OUR OPINION: UND coach's resignation raises host of questions
It's understandable if UND wants to get beyond volleyball coach Ashley Hardee's resignation and move on. But that mustn't happen -- at least not before an investigation has been completed, the university has reconsidered key policies, and the fin...
It's understandable if UND wants to get beyond volleyball coach Ashley Hardee's resignation and move on.
But that mustn't happen -- at least not before an investigation has been completed, the university has reconsidered key policies, and the findings and any policy changes have been announced.
Then and only then can the school and its sports program get back to business as usual.
Last week, Hardee resigned after news broke that he "is being investigated for a reported hit-and-run accident early Sunday morning (Dec. 1) in Portland, Ore., at the Big Sky tournament," Herald staff writer Brad Schlossman reported.
"The accident happened in the hotel parking lot while the team was on its way to the airport to catch a flight home, said the father of one of the players, who added that five players were in the car at the time of the accident.
"There were no injuries, and the damaged car was unoccupied, a Portland State spokesperson said."
If that chronology turns out to be accurate, then the fact that UND students were in the vehicle at the time of the accident is what elevates this case above that of an ordinary personnel issue.
What's the procedure for coaches (or professors or any other employees) driving students to or from official events? Are there any safeguards in place -- for example, does UND check such employees' driving records each year? And would a certain number of citations result in loss of driving privileges?
These questions are crucial, because when families send students to UND, they're trusting the university to take reasonable precautions. All UND buildings must meet fire codes; all food that's served in dining halls must be prepared in a safe and sanitary way.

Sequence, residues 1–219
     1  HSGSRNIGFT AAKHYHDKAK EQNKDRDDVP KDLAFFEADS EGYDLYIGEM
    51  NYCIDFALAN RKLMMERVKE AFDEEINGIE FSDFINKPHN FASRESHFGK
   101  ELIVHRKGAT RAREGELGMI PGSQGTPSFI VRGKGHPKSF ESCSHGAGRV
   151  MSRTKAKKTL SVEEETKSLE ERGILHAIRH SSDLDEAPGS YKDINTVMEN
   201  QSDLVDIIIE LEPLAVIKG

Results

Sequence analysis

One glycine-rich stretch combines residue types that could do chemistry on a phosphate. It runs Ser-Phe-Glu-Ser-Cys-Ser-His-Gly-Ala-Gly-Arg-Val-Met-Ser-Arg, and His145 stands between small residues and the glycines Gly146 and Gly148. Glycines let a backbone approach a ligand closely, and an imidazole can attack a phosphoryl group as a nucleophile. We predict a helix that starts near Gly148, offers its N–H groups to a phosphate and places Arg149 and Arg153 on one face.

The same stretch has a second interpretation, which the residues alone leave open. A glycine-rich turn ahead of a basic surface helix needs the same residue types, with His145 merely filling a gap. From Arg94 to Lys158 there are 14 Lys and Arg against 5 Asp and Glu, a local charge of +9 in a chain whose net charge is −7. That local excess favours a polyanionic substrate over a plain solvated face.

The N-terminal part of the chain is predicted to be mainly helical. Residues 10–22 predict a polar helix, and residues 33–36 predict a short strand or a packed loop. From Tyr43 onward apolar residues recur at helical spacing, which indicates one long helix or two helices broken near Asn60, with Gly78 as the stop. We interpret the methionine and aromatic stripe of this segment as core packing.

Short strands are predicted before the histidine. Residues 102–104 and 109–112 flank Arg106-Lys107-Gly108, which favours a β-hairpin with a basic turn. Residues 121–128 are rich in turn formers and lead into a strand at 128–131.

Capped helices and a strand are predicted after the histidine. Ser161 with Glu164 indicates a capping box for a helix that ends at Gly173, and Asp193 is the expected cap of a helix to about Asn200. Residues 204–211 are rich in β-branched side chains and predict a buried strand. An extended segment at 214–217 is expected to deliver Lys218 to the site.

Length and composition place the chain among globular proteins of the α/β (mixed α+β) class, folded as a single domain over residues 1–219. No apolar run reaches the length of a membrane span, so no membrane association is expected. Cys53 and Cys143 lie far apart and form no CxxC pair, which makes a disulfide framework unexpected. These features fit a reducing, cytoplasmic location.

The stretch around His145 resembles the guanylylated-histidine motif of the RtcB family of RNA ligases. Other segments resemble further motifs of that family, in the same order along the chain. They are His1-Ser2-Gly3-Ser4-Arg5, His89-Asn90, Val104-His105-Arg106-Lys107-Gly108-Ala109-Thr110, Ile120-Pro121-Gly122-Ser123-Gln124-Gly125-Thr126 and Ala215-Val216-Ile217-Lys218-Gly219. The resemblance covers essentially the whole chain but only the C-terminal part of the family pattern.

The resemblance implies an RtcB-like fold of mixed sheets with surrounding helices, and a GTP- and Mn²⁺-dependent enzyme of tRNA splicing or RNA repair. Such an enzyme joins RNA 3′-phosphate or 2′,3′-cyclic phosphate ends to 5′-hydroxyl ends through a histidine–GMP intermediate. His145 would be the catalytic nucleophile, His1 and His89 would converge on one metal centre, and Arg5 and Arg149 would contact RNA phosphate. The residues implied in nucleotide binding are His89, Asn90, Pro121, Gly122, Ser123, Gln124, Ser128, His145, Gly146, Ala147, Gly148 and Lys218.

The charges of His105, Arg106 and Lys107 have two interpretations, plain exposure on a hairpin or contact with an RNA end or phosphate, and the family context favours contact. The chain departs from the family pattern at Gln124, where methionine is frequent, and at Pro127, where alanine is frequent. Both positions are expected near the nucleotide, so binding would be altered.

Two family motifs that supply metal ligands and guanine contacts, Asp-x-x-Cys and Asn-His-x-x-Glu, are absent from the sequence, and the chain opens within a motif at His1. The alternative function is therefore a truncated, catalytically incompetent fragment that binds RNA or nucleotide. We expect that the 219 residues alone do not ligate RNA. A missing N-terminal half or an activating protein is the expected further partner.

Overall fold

And all drivers who'll be transporting students on official business must have valid licenses and good records. Given that motor-vehicle accidents kill far more young people than do either fires or food poisoning, that's not too much for concerned parents to ask.
In this case, the other key questions center on alcohol. In June 2012, Hardee was arrested for driving under the influence, Schlossman reported.
Hardee told UND of the incident and was disciplined internally; but apparently, there remained "an issue with his driver's license," UND athletic director Brian Faison said in the story.
That's another red flag, again because Hardee was transporting students. Exactly what was the "issue with his driver's license"? And more important, why didn't UND's safeguards catch the issue before any students got into the vehicle?
Last but not least, there's the question of whether Hardee had been drinking at the time of the incident in Portland. If he had been -- a big "if," and one that ought to be settled by Portland police and/or UND -- then UND has more policies to rethink and reform.
Should passengers be empowered to insist that someone not get behind the wheel? Is there a hotline or emergency number that students can call?
Are there "best practices" by which other universities handle these issues?
The latter might be the most important question of all. Every college in America transports students from place to place. The risks of that transport will never be zero. But they should be as low as is reasonably possible; and UND now has more reason than ever to make sure that this is the case.